Sunday, July 7, 2013

Transferable TCP connection

There are a number of situations in which the migration of TCP/IP connections can be useful. For instance, when there are requirements of load balancing, quality of service, fault tolerance, security. The visible increased performance in cluster based  applications are asking for attention of developers. Most commonly  transport layer mobility scheme is implemented by using a split-connection proxy architecture and a technique called TCP Splice that gives split-connection proxy systems the same end-to-end semantics as normal TCP connections. The TCP connection endpoint migration allows arbitrary server-side connection endpoint assignments to server nodes in cluster-based servers. The mechanism is client transparent and supports back-end level request dispatching. It has been implemented in the Linux kernel and can be used as part of a policy-based software architecture for request distribution. We show that the TCP connection end point migration can be successfully used for request distribution in cluster-based Web servers, both for persistent and non-persistent HTTP  connections

TCP handoff is a technique to handoff one TCP socket endpoint from one node to the other seamlessly, which is to migrate the established TCP state from the original node to the new node, so that the new node can send packets to the other TCP endpoint directly. TCPHA (TCP HAndoff) implements an architecture for scalable content-aware request distribution in cluster-base servers. It implements Kernel layer-7 switching based on TCP Handoff protocol for the Linux operating system. Since the overhead of layer-7 switching in user-space is very high, it is good to implement it inside the kernel in order to avoid the overhead of context switching and memory copying between user-space and kernel-space. Furthermore, the responses are sent directly back to clients without passing through the dispatcher, which can greatly improve the performance of cluster.

 SockMi is a solution for the migration of TCP/IP connections between Linux systems. Only the migrating peer of  the connection needs to reside on a Linux system. The migration is completely transparent to the other peer that can reside on a system running any operating system. This solution does not require changes to existing Linux kernel data structures and algorithms and can be activated in any phase of the connection. Both 2.4 and 2.6 versions of the Linux kernel are supported. With respect to other solutions, SockMi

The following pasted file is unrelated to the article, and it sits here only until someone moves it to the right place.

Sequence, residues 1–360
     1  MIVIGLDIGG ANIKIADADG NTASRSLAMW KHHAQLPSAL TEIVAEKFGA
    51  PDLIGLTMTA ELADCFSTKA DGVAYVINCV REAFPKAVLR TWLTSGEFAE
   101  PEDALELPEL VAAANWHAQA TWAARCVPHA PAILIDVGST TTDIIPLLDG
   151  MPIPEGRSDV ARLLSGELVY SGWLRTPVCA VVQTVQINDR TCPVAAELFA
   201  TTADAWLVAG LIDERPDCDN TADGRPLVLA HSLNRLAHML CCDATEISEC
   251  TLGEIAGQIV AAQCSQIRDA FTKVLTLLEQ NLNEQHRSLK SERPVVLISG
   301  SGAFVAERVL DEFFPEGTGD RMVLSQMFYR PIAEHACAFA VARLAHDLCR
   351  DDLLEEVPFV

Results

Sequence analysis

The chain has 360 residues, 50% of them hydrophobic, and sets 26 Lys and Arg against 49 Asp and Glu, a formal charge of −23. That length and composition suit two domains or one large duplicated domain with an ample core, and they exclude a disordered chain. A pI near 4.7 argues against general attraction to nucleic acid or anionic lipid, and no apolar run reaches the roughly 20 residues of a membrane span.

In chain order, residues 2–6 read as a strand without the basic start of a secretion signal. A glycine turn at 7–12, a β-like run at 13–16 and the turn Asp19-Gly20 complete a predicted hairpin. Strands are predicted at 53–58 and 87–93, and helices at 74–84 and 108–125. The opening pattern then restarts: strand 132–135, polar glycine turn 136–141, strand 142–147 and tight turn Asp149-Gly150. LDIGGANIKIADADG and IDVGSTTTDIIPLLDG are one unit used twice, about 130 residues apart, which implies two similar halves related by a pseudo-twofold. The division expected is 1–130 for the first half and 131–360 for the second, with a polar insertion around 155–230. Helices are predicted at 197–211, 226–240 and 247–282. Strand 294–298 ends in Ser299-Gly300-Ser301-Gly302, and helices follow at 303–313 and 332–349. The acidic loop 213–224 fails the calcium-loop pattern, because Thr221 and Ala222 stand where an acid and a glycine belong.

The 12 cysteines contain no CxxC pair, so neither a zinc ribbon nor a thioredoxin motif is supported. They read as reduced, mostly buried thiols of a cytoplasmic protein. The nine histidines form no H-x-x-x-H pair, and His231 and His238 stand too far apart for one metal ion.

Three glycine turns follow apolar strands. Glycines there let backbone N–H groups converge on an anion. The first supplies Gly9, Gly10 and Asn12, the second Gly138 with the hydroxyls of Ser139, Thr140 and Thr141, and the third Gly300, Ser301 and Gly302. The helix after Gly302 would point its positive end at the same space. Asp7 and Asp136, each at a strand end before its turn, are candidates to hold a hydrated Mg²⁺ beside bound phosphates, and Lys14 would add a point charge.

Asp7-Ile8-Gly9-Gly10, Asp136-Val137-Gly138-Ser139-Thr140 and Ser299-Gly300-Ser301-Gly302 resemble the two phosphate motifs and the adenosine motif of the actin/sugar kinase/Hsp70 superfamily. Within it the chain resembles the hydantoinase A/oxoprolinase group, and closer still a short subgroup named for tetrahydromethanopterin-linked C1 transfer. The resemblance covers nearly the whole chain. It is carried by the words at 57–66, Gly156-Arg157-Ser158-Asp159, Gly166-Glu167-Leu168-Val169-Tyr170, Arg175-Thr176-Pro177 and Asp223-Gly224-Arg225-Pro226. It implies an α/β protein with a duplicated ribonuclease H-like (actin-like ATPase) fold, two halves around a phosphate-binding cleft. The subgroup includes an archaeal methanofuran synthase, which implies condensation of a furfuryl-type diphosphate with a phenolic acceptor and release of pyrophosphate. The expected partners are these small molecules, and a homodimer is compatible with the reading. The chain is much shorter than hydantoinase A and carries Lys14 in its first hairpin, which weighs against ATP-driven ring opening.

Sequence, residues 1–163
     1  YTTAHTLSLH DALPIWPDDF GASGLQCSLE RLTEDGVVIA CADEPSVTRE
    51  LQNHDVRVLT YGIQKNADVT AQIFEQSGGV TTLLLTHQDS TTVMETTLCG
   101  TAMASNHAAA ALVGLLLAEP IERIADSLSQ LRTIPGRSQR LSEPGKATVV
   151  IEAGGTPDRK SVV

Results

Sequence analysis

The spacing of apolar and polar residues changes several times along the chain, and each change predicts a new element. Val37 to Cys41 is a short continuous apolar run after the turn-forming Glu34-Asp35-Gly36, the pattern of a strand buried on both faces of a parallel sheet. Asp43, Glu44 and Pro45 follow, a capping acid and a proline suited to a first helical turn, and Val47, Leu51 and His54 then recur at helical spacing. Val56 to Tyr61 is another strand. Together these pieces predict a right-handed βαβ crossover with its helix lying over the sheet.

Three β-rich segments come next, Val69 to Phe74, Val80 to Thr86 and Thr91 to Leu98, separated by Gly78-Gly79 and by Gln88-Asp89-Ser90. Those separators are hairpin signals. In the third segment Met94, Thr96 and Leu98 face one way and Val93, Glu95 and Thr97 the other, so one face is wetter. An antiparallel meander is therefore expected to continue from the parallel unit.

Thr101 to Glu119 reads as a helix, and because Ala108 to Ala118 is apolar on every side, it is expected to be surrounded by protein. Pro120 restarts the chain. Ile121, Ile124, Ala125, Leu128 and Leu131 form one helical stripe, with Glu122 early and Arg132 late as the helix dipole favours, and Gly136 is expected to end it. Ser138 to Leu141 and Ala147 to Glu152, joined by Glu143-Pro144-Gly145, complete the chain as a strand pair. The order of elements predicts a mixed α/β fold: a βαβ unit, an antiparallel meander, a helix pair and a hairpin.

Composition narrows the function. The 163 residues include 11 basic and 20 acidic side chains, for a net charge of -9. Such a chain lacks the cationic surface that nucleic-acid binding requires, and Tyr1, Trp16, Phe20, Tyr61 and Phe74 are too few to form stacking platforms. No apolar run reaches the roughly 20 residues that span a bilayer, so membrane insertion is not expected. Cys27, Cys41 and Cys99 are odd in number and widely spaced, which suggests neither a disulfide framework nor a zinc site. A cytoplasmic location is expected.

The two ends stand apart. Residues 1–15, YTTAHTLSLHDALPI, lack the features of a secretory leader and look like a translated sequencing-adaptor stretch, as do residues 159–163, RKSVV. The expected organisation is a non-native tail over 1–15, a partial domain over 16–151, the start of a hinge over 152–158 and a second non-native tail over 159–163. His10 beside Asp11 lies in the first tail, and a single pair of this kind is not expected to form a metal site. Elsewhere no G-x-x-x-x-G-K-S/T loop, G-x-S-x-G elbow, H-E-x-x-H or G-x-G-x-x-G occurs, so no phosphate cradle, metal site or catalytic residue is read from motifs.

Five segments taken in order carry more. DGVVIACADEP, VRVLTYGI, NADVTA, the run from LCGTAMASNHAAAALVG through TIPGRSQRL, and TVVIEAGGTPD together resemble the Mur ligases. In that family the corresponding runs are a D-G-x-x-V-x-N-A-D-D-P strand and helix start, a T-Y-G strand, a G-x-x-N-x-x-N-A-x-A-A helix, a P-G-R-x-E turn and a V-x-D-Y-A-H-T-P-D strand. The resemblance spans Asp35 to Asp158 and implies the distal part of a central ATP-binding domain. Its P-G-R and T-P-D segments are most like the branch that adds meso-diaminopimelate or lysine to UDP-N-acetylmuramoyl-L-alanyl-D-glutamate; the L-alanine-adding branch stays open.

i) is able to migrate both ends of a connection;
ii) does not require cooperation on both ends;
iii) may be used by a stream socket in any state;
iv) does not require proxy systems;
v) may be activated via the standard sysctl command



The latest of  transport protocol TSMP, which seeks to support data transfer for the emerging usage paradigm of ”single user, multiple devices” in a TCP compatible manner. Through its novel naming and proxy-based designs, TSMP is able to retain the current client and server protocol operations of the legacy TCP protocol and TCP-based applications while placing new functions at the proxy.

Reliable sockets (ROCKS) and reliable packets(RACKS) are two systems that provide transparent network connection mobility and protect sockets-based applications from network failures. ROCKS does not require kernel modifications and work at user-level. Each system can detect failure within seconds of its occurrence, preserve the endpoint of a failed connection in a suspended state for an arbitrary period of time, and automatically reconnect, even when one end of the connection changes IP address, without loss of inflight data. ROCKS are transparent to applications but they must be present at both ends of the connection

As mentioned in here,  the operation of a server wishing to migrate one of its connection endpoints is described in following figure . As soon asa migration request is issued (i.e., a migration SYN is sent to the remote server), the connection moves to a wait state.While in the wait state, any incoming packet is stored in a connection checkpoint.
Upon receiving a migration SYN, a server targeted by a migration will duplicate locally the endpoint of the initiator of the migration. Packets flowing between the client and the new server have to respect the
sequence numbers agreed upon with the old server by the time of the migration. Since the new server-side endpoint is set up by relying on the TCP connection setup protocol, the migration requester has to choose a proper “client” ISN. Additionally, it also has to impose the ISN that the target node will use as its own ISN during the connection setup protocol. Letting the target server choose its own ISN would
not permit matching the server sequence numbers currently in use.